1. Reluctance to use images, based on the Jewish prohibition on images
2. Eschatological hope. If the return of Christ was imminent, why was there a need for images?
3. The early Christian communities were often poor (compare poverty of images in Christian church with complexity of images in Jewish synagogue at Dura Europus)
4. The early Christians may have used more images, but these were destroyed in the period of the iconoclasts.

1. Grabar argues that they were there from the beginning, but become much more popular as Christianity grew in significance and began to compete seriously with other religions.

2. My own suggestion is that they appear with the theological focus on Christology.
The theology of icons is tied in with the theology of the incarnation. We cannot make any representation of God because God is unseen and beyond all our categories. But if Jesus Christ was God made flesh, then he can be portrayed in an image.
The period of Iconoclasm and destruction of images (730-787AD), ended with the 2nd Council of Nicaea)
... we declare that we defend free from any innovations all the written and unwritten ecclesiastical traditions that have been entrusted to us. One of these is the production of representational art; this is quite in harmony with the history of the spread of the gospel, as it provides confirmation that the becoming man of the Word of God was real and not just imaginary, and as it brings us a similar benefit. For, things that mutually illustrate one another undoubtedly possess one another's message. ... we decree with full precision and care that, like the figure of the honoured and life-giving cross, the revered and holy images, whether painted or made of mosaic or of other suitable material, are to be exposed in the holy churches of God, on sacred instruments and vestments, on walls and panels, in houses and by public ways; these are the images of our Lord, God and saviour, Jesus Christ, and of our Lady without blemish, the holy God-bearer, and of the revered angels and of any of the saintly holy men. The more frequently they are seen in representational art, the more are those who see them drawn to remember and long for those who serve as models, and to pay these images the tribute of salutation and respectful veneration. Certainly this is not the full adoration in accordance with our faith, which is properly paid only to the divine nature, but it resembles that given to the figure of the honoured and life-giving cross, and also to the holy books of the gospels and to other sacred cult objects”.[13] (2nd Council of Nicaea)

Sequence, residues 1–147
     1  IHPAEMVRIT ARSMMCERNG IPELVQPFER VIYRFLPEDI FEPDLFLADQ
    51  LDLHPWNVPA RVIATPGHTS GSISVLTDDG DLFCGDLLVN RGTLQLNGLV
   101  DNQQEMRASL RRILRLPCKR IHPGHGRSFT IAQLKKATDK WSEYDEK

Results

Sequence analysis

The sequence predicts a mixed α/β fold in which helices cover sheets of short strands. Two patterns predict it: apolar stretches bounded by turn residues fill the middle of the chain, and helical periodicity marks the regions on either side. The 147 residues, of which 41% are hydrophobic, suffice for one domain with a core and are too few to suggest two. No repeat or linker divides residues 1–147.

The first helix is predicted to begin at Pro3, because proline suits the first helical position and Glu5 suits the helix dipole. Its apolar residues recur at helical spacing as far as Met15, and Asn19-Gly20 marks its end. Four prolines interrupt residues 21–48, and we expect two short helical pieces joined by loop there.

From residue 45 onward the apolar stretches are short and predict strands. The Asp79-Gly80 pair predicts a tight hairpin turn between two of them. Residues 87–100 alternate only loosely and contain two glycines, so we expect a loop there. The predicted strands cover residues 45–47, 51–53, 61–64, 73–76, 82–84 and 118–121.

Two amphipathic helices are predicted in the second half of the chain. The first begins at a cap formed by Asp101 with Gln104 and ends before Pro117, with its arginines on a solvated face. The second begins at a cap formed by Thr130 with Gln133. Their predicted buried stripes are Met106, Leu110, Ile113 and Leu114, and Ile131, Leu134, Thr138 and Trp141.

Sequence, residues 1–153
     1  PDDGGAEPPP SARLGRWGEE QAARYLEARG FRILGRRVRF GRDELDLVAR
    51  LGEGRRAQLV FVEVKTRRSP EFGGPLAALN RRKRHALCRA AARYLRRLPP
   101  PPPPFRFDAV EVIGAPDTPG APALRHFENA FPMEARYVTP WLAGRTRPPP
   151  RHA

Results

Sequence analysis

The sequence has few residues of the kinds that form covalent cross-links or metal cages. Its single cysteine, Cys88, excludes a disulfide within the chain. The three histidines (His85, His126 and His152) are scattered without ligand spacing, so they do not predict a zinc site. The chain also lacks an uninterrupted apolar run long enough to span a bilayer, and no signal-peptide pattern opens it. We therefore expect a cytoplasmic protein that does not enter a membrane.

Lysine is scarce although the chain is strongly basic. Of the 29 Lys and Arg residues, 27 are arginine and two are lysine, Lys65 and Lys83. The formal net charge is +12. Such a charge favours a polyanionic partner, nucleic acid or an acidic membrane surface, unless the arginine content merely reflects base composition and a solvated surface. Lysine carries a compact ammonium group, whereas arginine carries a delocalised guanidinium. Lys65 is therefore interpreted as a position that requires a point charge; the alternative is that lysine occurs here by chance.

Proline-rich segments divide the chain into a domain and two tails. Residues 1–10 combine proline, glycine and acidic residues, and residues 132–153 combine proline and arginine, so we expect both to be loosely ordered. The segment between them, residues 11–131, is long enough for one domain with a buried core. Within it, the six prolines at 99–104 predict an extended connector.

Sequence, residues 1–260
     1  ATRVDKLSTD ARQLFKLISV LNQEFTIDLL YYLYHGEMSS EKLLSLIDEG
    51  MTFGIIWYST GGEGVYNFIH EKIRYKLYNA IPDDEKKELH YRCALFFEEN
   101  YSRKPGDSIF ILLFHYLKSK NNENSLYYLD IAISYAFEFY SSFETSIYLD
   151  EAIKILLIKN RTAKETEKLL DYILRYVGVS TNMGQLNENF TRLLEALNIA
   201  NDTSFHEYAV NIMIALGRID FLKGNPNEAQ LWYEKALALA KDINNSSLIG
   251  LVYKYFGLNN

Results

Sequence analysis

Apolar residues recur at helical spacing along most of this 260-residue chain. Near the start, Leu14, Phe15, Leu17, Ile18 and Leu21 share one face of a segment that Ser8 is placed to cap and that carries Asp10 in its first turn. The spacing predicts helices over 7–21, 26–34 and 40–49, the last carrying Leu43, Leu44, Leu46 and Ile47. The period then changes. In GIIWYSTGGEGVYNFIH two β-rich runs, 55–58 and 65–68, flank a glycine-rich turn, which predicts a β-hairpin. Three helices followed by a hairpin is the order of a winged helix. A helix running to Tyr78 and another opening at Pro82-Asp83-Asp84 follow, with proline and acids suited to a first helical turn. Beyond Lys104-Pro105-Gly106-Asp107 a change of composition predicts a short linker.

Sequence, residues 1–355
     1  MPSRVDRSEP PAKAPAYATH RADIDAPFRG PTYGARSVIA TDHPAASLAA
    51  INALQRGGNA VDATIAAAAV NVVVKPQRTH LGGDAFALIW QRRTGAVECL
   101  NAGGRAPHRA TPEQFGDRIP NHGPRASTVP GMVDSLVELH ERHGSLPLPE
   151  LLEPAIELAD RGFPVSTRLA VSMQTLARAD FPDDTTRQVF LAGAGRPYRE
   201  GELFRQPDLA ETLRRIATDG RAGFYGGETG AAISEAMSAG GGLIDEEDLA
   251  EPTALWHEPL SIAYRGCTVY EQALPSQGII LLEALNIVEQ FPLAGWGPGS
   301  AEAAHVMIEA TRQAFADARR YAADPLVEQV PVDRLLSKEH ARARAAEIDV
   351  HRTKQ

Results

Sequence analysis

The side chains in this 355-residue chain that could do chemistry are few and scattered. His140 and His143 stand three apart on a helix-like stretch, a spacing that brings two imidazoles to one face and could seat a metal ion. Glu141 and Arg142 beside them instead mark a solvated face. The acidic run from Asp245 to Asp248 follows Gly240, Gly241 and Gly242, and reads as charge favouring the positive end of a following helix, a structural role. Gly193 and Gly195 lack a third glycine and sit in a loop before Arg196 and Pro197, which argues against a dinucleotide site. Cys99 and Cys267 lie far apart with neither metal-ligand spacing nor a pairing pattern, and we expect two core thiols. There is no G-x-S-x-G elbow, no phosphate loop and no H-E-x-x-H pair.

St. John of Damascus. In his treatise "On the Divine Images" he writes: "If we've made an image of the invisible God, we would certainly be in error... but we do not do anything of the kind; we do not err, in fact we make the image of God incarnate Who appeared on earth in the flesh, Who in His ineffable goodness, lived with men and assumed the nature, the volume and the color the flesh.”

"Since the invisible One became visible by taking on flesh, you can fashion the image of Him whom you saw. Since He who has neither body nor form nor quantity nor quality, Who goes beyond all grandeur by the excellence of His nature, He, being of divine nature, took on the condition of slave and reduced himself to quantity and quality by clothing himself in human features. Therefore paint on wood and present for contemplation Him who desired to become visible."